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Tim Cook: The Master Mind Who Took Apple to the Next Level

In today’s buzz, we talk about the logic behind Apple’s product management as well as explain how it works and what makes it so efficient.

The story, 

Before we get to the story, perhaps a brief on Apple Inc, founded by Steve Jobs, Steve Wozniak, Ronald Waynesteve on 1 April 1976 in a Garage in Cupertino, California with the innovative thinking of Steve Jobs and computer expertise of Steve Wozniak they manage to build the world’s most innovative company but what you think, is only innovation the key to the apple’s success?

Apple alone sold more than 200 million iPhones in 2020 and do we know Apple works with suppliers in 43 countries and six continents to make its products. So how it works?


When Cook initially took over Apple’s supply chain, he cut down the number of component suppliers from 100 to 24, forcing companies to compete for Apple’s business, He also shut down 10 of the 19 Apple warehouses to limit overstocking, he Cut down the number of SKUs(stock-keeping unit ) to predict the demand more accurately and ensure lightning-fast Apple inventory turnover and by September of 1998 inventory [stock on hand] was down from a month to only six days, he worked on Maintaining long-term and strategic relationships with suppliers and Outsourced the manufacturing to China, thus reducing the manufacturing cycle time from 4 months to 2 months. Also, he Implemented renewable energy sources, making up to 87% of their energy used worldwide.

Apple’s inventory Management

Tim Cook believes that when it comes to technology such as smartphones, tablets and laptops, inventory deprecates very, very quickly, losing 1-2% of the value each week “inventory is fundamentally evil,” he says. “You kind of want to manage it like you’re in the dairy business. If it gets past its freshness date, you have a problem.”

Keeping as little inventory on hand as possible is very important. Why? Because of costs with warehouses. Technology manufacturers can’t afford to keep too many products in stock because a sudden announcement from a competitor or an innovation could change everything and suddenly bring down the value of products in inventory. Foreseeing sales levels accurately and not having excess inventory is crucial in the computer industry, especially when new products quickly cannibalize the old.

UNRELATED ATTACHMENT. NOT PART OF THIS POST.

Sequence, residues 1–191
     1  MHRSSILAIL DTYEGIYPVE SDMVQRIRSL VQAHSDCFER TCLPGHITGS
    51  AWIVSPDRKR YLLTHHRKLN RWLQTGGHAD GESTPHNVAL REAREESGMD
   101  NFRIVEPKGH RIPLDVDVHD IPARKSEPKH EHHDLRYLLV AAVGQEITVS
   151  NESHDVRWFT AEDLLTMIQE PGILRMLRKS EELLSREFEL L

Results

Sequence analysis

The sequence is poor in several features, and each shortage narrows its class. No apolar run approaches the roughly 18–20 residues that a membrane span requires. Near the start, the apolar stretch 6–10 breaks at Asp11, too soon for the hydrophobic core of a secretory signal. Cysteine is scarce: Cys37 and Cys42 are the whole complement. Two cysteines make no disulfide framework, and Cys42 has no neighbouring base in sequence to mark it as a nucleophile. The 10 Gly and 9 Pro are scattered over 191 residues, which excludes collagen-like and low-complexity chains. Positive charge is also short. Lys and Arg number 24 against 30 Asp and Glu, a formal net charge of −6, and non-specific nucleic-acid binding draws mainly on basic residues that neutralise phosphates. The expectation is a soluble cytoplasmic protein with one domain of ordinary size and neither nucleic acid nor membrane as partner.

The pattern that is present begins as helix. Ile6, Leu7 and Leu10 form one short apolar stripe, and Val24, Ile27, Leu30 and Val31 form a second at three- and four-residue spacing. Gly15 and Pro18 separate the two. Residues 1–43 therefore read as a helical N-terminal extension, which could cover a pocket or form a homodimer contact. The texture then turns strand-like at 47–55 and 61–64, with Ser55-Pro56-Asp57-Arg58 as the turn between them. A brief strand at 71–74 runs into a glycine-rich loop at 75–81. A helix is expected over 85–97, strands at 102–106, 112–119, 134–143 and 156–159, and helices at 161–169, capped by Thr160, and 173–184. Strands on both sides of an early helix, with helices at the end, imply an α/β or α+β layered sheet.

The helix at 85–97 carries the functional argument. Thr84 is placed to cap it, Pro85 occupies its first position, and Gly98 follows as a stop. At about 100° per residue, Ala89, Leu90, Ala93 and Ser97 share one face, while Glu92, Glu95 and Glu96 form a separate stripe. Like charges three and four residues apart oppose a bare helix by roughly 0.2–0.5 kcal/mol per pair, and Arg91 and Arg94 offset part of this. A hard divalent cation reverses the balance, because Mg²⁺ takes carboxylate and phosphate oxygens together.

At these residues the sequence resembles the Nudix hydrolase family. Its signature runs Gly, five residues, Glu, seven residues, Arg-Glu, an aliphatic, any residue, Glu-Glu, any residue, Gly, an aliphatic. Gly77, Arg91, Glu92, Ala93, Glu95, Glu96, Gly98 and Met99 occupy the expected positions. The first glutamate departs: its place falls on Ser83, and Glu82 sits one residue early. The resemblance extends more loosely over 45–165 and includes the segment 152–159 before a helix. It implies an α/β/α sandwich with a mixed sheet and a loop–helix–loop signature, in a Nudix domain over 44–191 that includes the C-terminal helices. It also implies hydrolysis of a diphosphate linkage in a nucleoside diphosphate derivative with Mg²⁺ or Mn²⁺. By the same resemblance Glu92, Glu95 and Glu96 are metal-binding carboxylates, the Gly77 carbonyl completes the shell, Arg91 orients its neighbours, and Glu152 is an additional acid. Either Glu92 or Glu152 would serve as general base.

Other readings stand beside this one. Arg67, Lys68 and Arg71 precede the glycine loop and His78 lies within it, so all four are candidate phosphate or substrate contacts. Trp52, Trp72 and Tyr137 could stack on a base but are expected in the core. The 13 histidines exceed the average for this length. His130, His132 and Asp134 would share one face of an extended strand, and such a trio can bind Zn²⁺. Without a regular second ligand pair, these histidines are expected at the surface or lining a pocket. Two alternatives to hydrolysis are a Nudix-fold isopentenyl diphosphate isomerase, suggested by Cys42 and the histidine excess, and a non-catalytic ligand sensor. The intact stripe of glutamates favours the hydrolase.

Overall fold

Why China for assembly?

Apple assembles their products in China because of low labour costs. The cost of labour is a fraction of the cost of the materials that make up the iPhone. Far more is spent on the custom chips, intricate cameras, and beautiful screens than on the labour required to assemble them· But the key to Foxconn’s (company in china where apple assemble its products) success isn’t cheap labour, It’s flexibility.

Foxconn has hundreds of thousands of workers living on-site, the company can be very flexible, assembling armies of workers overnight. Foxconn is also able to hire tens of thousands of extra workers very quickly and fire them just as quickly if they are not needed.

Foxconn demonstrated this flexibility during the production of the first iPhone, which underwent a major design change just a few weeks before it was scheduled to go on sale in 2007. At the last minute, Steve Jobs decided that the iPhone should have a glass screen instead of a plastic one. He’d been carrying a prototype iPhone in his pocket for weeks, and its plastic screen had been badly scratched by his keys. He knew this would be a problem when the phone got into customers’ hands, so he demanded a more durable glass screen.

A few weeks later, the new glass screens arrived at Foxconn in the middle of the night. More than eight thousand workers were roused from their beds, given a cup of tea and a biscuit, and started on a twelve-hour shift fitting the new screens to phones, according to the New York Times. Within a few days, the factory was outputting more than ten thousand iPhones a day.

Cook’s revolutionary outsourcing initiatives decreased the need for domestic factories and contributed hugely to Apple’s increased success. By outsourcing the majority of Apple’s operations and ramping up their partnership with Foxconn, Cook is doing something that had never been done before.

Interesting facts about Apple

  • In 1986 apple also started a clothing line that failed.
  • Steve jobs “invented “a mouse by stealing it from Xerox.
  • The most expensive iPhone in the world costs 15 million USD
  • Apple has more cash in hand than the US Treasury, if apple were to go on a shopping spree it could buy almost 80% of the top 500 companies in America.


With great blend of innovation and Management Apple came a long way from Start-up in a Garage to the world’s Largest company.